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Does Intermittent Fasting Help Digestion?

How Intermittent Fasting Helped Trainer Emily Skye With Her "Sensitive Tummy"

Intermittent fasting (IF) is the diet that everyone wants to know about. There have been so many success stories that showcase how effective IF can be, whether it's in the name of weight loss, more energy, or better digestion. Emily Skye, Australian fitness personality, Reebok global ambassador, and soon-to-be mom, told POPSUGAR that IF has been very useful for her in the past as well. And as someone who is a beacon of wellness and health, we can't help but listen to what she has to say.

"I love intermittent fasting, such as the 16-hour fast," Emily said. "It can actually help boost your metabolism, so it can be great for fat burning as your body has a chance to burn off some of those glycogen stores (carbs which can be converted to fat if not burned off as energy)." But IF boasts many more benefits other than shedding fat and losing weight.

"My gut was able to work on healing rather than trying to digest all the time."

Fasting has a positive effect on your insulin levels, which can aid in muscle growth as well as "gut healing." Emily shared, "Fasting gives your digestive system a break from digesting food, which I found helped me a lot with my sensitive tummy." She said IF has improved her irritable bowel syndrome (IBS) symptoms.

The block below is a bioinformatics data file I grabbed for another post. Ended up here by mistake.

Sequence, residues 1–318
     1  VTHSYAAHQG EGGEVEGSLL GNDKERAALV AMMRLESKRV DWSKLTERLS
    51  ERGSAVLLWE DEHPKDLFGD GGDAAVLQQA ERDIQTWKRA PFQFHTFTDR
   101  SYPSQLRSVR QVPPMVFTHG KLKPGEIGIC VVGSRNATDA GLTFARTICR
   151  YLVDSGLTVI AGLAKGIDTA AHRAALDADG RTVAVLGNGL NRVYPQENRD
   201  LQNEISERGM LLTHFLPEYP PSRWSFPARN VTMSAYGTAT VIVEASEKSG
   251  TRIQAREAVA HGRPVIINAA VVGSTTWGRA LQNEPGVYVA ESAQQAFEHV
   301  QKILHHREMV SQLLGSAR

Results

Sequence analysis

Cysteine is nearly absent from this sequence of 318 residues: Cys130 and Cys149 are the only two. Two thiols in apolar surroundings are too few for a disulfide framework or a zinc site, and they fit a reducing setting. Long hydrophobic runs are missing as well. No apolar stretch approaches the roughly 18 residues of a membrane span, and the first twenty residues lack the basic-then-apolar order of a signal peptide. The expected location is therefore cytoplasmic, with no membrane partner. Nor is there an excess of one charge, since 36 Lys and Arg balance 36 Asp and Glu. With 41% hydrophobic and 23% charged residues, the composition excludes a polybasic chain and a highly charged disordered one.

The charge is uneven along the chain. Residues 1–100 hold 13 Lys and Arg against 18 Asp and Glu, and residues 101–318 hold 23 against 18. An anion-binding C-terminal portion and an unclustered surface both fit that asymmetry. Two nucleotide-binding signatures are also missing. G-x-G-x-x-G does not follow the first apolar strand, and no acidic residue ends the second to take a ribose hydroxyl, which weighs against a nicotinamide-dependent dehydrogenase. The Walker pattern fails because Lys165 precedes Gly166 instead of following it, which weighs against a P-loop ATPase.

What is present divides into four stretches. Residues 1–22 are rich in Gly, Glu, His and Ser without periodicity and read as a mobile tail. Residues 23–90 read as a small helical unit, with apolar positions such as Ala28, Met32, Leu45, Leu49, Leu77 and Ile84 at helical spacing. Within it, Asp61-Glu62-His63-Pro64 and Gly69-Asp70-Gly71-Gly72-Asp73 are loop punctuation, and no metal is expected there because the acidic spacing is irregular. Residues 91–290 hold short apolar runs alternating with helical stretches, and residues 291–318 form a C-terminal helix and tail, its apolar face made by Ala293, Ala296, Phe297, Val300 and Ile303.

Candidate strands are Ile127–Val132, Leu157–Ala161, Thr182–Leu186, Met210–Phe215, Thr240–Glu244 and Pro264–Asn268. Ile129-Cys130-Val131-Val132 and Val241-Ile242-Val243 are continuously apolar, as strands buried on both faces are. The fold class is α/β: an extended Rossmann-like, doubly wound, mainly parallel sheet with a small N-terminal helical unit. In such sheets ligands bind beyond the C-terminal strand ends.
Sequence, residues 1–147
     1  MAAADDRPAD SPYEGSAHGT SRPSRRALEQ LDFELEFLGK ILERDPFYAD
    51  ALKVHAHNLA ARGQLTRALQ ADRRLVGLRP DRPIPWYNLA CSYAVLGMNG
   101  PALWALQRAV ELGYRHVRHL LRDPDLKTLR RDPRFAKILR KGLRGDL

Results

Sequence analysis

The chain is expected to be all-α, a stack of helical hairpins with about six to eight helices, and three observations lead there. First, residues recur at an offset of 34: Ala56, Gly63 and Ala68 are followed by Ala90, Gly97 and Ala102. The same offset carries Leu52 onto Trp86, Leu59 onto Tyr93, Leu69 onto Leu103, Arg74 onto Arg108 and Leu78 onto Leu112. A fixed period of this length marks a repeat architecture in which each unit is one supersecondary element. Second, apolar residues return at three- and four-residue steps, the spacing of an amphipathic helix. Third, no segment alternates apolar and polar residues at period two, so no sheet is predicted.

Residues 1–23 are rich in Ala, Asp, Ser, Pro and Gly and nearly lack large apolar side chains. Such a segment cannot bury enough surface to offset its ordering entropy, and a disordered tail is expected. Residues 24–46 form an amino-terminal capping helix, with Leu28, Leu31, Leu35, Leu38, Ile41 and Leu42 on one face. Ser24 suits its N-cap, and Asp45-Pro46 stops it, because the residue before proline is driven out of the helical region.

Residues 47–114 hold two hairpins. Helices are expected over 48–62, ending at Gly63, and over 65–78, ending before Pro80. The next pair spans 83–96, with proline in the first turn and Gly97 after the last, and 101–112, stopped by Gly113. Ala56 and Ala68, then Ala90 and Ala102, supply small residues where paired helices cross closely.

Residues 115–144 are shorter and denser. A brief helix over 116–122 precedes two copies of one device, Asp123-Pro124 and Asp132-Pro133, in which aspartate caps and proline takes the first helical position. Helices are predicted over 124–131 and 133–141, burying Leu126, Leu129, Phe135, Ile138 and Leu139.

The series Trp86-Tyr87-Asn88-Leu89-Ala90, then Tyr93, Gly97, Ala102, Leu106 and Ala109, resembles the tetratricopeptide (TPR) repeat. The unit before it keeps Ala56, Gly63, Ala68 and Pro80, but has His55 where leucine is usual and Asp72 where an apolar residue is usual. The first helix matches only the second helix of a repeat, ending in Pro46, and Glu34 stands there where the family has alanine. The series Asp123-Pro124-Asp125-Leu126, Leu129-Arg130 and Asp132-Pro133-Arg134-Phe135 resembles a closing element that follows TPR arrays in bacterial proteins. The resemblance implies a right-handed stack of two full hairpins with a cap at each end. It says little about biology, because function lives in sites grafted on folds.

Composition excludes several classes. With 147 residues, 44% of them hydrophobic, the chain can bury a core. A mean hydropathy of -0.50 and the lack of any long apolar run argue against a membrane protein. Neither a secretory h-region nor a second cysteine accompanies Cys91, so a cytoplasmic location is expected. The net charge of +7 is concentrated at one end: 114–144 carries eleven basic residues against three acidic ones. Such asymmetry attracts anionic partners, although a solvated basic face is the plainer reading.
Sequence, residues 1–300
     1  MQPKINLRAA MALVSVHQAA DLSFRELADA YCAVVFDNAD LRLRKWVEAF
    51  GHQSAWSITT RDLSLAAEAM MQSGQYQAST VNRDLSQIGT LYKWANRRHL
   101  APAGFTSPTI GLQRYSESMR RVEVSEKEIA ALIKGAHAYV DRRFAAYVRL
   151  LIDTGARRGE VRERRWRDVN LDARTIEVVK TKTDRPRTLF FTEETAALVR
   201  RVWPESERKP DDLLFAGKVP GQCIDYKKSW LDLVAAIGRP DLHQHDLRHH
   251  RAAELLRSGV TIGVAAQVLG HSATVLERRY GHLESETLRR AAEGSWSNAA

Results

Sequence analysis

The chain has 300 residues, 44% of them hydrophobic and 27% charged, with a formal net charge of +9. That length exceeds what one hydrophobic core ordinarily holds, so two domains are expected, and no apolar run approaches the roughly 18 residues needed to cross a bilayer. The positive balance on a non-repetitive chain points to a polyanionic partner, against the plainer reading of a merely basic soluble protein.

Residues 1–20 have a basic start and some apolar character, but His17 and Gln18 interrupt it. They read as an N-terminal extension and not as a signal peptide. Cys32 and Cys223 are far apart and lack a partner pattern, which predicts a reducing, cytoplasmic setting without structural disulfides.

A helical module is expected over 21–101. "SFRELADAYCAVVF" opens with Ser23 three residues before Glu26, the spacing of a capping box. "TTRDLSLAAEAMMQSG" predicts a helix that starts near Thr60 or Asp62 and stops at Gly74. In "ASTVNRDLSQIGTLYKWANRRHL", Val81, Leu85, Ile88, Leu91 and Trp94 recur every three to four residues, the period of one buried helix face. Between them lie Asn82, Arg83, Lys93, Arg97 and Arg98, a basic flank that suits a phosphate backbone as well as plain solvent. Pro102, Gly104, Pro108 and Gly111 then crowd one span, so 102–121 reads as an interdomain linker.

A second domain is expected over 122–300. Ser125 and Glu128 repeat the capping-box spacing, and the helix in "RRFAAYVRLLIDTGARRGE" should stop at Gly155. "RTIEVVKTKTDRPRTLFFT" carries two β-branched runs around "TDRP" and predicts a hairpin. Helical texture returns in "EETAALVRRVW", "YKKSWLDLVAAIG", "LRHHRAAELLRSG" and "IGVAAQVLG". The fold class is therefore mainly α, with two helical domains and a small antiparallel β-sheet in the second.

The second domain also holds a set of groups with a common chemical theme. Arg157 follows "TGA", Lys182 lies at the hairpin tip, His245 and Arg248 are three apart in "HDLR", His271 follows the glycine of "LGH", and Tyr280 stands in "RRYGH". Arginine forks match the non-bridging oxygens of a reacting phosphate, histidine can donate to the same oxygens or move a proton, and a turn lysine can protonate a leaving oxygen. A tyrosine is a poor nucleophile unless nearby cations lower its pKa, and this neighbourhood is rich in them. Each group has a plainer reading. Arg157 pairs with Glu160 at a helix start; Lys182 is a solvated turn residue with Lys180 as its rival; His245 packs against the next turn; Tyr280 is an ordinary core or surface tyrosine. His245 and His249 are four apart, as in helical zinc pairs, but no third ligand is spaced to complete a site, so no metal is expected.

"My gut was able to work on healing rather than trying to digest all the time," Emily told POPSUGAR.

Although 16 hours may seem like a long time to not eat, it's really not that bad in the grand scheme of things, especially considering the fact that you're asleep for seven or eight of those hours. Think of that window as a rest period for your body — especially your digestive system.

Dr. Luiza Petre, board-certified cardiologist and weight-management specialist, confirmed to POPSUGAR that IF can have amazing effects on your system, which is why she practices it herself. Not only does fasting put you in a "fat-burning state," but it gives your body ample time to properly digest and process all the food you've been eating. In many cases, that means less bloating, better elimination (yes, we mean pooping), and fewer stomachaches.

However, while Emily was pregnant with her daughter Mia, she gave up intermittent fasting — for the duration of the pregnancy, anyway. "I did not practice intermittent fasting while pregnant," she said. "I have always listened to my body. If I wasn't hungry, I wouldn't eat just to eat. But more importantly, if I was hungry, that means my baby is hungry, so it's important I give myself and my baby the nutrition we both need."

"It's important to remember that everyone is different, and what works well for one person might not work as well for another," Emily advised. "Make sure you do your research before you start any type of fast or any other popular diet craze. While they can be highly effective and safe, if done incorrectly they can quickly become unsafe."

If any of this sounds appealing, speak to your doctor first before giving it a shot. You never know — you may have overwhelmingly positive results like Emily did.

Image Source: Dylan Evans Photography
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